I give talks to a lot of different groups around the state, and find that some groups have very different opinions about climate and climate change than others do. It depends on many things, including how old you are, how and what you produce on your farm, and what your political views are. When you are discussing the trends we have already seen in climate over the last 100 years or so and what might happen in the future, it is important to keep in mind that some folks are coming from a different background than others and to acknowledge their life experiences. In the Georgia Climate Project, knowing about the science is not enough. We also need to understand what people believe now and why they do so. That’s the focus of today’s question.
33. How do beliefs, attitudes, perceptions, and knowledge about climate change and its potential solutions vary across Georgia?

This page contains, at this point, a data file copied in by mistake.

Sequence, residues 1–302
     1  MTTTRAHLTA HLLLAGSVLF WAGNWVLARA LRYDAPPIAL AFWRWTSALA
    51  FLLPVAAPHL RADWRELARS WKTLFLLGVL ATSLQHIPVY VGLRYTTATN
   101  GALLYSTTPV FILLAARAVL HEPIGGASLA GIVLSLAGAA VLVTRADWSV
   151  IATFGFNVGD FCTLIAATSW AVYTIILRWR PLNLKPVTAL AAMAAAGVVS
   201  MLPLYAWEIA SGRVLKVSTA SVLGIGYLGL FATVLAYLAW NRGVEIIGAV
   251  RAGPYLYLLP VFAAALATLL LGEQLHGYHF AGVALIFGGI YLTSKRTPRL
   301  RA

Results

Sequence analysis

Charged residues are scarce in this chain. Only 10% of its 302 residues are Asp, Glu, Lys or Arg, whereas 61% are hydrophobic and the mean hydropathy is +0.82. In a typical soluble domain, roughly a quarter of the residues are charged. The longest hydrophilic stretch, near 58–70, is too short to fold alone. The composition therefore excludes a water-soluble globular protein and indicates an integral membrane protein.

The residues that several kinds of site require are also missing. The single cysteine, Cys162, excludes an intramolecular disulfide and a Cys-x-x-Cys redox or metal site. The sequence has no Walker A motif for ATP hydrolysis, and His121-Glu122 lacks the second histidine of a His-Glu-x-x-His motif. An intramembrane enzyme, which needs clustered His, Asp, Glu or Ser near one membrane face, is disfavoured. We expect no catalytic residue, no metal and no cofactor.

Why this question is important: People’s perceptions, attitudes, and behaviors related to climate change are often influenced by a variety of factors that result in differences of opinions regionally and by demographic groups (Etkin and Ho 2007; Lujala et al. 2015). Early research demonstrated that there were notable regional variations in beliefs within Georgia (Howe et al. 2015), but a more indepth statewide analysis could provide valuable information about how different stakeholder groups perceive climate change and value responses / approaches for addressing it. This information could assist decision makers, scientists, and educators as to the potential effectiveness of public awareness and education campaigns, and to help identify stakeholders most supportive of mitigation solutions and/or adaptation strategies.